There are many issues with this way of thinking (which one might call the “Not Adam and Steve” argument), not least of which is that it is not actually consistent with Wesleyan theology and tradition. In fact, it’s the exact argument used by neo-Calvinist complementarians such as John Piper and others of the Counsel on Biblical Manhood and Womanhood.[1] Viewing men or women as “incomplete” without the other promotes an understanding of personhood, relationships, and families that discounts single parents, celibate individuals, and transgender people as well as fosters relational hierarchies and stunted individual growth. Thinking that a person can’t be whole without someone of the opposite sex might even imply that we don’t ultimately find our completeness in Christ or that we may only experience wholeness in Christ within a heterosexual relationship. This is simply not true. And further, it is not Wesleyan. Wesley’s idea of wholeness is the exercising of humanity’s image of God—particularly the moral image of God, that is “the continuing openness to welcome life from the creative source, to receive love, justice, mercy, and truth from God, and, as the image of God, to exercise and communicate further what we have received.”[2] This exercising must happen in relationship, yes, but not necessarily a sexual one, and certainly not only or primarily a heterosexual one. Further, Boone designates the ability to bear children as one way men and women—complete in each other—“sign to the world about the God in whose image and likeness we are made.”[3] To limit humanity’s creativity as part of its image of God to the creation of babies is problematic because not only do people actually have “the capacity for new creations”[4] in myriad manifestations, people can also exercise their creative image of God when they are childless, by choice or by circumstance.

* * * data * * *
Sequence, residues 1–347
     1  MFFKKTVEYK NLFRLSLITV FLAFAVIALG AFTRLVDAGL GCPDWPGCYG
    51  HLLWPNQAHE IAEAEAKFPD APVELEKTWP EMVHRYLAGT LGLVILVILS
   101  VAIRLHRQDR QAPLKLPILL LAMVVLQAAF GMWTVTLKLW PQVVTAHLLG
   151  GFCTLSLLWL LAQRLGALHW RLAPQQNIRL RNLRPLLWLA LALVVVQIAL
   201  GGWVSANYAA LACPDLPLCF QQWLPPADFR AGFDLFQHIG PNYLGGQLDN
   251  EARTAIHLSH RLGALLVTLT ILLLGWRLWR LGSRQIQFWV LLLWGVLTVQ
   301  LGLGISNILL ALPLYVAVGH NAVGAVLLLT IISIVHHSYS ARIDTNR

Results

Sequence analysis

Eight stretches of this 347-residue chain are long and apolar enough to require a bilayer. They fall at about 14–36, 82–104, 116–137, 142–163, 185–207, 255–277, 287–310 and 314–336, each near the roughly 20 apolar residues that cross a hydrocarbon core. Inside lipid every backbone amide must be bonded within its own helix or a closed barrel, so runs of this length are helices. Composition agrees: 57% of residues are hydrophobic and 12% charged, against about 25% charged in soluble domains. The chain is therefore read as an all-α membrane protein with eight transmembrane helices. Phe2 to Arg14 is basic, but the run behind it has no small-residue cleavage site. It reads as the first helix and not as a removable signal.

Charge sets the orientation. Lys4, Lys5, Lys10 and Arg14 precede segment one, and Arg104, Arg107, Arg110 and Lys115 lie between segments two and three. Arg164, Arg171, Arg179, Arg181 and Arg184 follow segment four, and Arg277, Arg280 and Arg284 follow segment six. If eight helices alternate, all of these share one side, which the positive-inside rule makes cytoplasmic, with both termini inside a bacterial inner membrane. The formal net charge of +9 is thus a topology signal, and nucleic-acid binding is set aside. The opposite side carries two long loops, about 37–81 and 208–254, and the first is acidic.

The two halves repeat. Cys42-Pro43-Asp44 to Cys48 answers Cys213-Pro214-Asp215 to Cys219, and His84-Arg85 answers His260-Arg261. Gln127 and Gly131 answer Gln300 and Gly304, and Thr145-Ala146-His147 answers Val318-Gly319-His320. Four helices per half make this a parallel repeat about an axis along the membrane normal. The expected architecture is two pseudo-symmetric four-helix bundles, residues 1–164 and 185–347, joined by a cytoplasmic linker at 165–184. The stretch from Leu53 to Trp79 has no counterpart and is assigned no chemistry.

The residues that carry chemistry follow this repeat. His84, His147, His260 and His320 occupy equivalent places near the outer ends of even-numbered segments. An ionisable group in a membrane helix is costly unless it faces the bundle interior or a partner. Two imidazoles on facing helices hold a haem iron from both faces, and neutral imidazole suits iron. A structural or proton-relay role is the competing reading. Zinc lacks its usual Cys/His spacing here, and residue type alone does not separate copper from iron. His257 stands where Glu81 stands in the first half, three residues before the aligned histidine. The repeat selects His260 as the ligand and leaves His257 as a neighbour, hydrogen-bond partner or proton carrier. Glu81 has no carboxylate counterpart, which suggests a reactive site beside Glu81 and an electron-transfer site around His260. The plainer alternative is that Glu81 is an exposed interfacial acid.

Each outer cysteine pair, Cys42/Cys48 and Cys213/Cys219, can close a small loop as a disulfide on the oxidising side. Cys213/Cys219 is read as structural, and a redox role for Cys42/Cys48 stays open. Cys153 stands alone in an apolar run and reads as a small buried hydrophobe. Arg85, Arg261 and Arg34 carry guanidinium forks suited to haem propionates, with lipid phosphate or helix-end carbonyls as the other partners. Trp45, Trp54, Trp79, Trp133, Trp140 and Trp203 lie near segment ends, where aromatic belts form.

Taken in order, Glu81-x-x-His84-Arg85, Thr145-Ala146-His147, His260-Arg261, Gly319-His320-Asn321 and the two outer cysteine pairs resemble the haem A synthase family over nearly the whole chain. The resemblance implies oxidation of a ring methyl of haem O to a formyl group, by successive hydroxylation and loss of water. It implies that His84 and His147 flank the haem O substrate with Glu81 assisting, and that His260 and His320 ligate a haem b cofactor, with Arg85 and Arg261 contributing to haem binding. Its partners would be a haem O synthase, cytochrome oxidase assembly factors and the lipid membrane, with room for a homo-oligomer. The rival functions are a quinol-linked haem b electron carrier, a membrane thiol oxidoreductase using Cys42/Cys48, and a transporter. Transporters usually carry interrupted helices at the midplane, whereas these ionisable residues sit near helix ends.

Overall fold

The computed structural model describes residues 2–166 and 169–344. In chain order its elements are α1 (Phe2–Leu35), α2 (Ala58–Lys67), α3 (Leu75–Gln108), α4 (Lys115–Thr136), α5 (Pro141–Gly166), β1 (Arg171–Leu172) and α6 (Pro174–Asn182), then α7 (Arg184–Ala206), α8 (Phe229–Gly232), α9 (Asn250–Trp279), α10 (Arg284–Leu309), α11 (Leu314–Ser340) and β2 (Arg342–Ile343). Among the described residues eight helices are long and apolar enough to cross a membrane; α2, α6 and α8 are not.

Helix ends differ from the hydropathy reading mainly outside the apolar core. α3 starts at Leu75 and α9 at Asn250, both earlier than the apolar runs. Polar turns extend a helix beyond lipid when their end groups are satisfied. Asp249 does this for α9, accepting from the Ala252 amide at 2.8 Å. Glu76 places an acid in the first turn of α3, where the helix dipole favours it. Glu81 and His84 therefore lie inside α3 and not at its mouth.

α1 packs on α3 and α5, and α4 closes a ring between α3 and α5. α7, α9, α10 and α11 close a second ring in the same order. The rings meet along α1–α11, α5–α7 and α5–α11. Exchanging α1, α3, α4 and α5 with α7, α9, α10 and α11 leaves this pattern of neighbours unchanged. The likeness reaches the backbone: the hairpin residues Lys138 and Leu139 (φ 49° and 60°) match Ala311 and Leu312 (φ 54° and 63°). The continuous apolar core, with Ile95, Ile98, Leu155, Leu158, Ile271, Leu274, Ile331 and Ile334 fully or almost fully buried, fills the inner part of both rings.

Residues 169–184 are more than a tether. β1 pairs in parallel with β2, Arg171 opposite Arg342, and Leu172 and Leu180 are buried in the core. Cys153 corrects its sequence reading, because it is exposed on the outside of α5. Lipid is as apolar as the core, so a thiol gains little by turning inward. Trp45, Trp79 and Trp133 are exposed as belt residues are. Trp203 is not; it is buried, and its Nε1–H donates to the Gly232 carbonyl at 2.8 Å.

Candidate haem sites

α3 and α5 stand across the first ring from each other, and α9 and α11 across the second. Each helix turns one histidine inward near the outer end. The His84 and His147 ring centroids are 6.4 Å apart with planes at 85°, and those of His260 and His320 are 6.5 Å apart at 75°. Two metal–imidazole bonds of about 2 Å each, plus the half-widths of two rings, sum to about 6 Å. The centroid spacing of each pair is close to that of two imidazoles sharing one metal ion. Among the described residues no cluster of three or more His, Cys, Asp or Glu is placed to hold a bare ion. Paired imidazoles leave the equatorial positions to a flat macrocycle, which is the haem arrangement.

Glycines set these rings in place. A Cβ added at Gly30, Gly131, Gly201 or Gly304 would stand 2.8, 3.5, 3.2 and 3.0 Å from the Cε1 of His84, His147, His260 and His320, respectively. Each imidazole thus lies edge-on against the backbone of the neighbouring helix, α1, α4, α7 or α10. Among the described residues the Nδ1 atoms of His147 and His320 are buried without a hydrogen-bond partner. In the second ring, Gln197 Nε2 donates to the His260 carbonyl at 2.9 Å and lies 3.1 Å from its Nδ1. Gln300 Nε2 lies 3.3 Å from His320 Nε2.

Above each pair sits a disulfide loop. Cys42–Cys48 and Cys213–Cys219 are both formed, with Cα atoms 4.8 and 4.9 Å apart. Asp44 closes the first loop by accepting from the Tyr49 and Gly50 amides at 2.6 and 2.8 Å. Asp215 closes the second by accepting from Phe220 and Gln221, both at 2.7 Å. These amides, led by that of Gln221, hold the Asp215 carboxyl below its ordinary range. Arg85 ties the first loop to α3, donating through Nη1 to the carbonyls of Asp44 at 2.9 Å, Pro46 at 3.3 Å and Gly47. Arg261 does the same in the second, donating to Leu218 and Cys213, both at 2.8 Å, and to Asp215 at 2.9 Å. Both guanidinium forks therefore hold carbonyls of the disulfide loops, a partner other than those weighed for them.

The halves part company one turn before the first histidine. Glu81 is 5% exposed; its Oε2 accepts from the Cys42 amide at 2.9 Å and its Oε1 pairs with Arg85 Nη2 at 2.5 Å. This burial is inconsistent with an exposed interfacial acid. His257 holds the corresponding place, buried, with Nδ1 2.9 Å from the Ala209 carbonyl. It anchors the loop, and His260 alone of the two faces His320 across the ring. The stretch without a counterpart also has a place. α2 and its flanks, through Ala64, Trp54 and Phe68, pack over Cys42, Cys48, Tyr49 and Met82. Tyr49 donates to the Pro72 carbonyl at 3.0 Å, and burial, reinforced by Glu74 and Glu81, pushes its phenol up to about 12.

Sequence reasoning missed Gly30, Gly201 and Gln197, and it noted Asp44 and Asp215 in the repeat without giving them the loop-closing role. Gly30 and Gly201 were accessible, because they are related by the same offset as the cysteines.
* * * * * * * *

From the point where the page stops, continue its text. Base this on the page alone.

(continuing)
One thing I loved about this chapter was the bit about incarnation and the emphasis that “bodies are where the life of God is experienced. Human flesh is sanctified.”[5] This, to me, encourages us to see the image of God completing all people—all bodies—in their various states of sex and gender and ways of life, and to explore all the many and varied ways God works and is revealed therein—without limitation.


[1] See the “Danvers Statement” Affirmation number 2: “Distinctions in masculine and feminine roles are ordained by God as part of the created order, and should find an echo in every human heart (Gen 2:18, 21-24; 1 Cor 11:7-9; 1 Tim 2:12-14).” http://cbmw.org/core-beliefs/

[2] Runyon, Theodore, The New Creation (Nashville: Abingdon Press, 1998), 18.

[3] Human Sexuality 19.

[4] Ibid. 18.

[5] Ibid.

Human Sexuality: A Primer for Christians

 

I was optimistic about this book. Dr. Boone is a well-known, well-respected presence in the Church of the Nazarene, and I had faith that he would tackle the topic of sexuality in a balanced, researched, and charitable manner. I hoped he would open avenues for conversation and wrestling with the many and varied complexities of sexuality that are deeply personal and deeply formative. I hoped he would challenge the status quo and encourage us toward exploration of what sexuality can look like in a Christian context.

I was disappointed.

Make no mistake, as a left-leaning, queer-ish feminist Nazarene myself, I was under no illusion that this book would be anything radical or new or particularly progressive. I am intimately familiar with the Nazarene mandate to toe the evangelical party line. I’ve long given up on Nazarene leadership being explicitly affirming of any kind of sex besides the straight, married kind. But this was more than trotting out tired and closed-minded clichés about homosexuality (though it was that, too). It constructed a framework of heteronormative sexuality that is ill-informed, one-sided, and, frankly, harmful. It’s the same narrative of white middle-class sexual morality that evangelicals have used for years. And lest I be accused of simply dismissing Dr. Boone as an old-fashioned fuddy-duddy as an unfounded rhetorical device, I’ll point out that he himself opines about the “good old days,” using his personal experience of courting his wife as a righteous foil for the “demise of dating” (51). This wish to go back to the way things used to be is a hallmark of conservatism—one that forgets that the good old days weren’t so good for the majority of people. So while I certainly wasn’t expecting Boone’s work to be a beacon of progressivism, I also wasn’t expecting it to be in line with this brand of backwards conservatism. I was expecting some kind of middle way (something at which the man of “charitable discourse” generally excels) that I could at least work with. That is not what I got.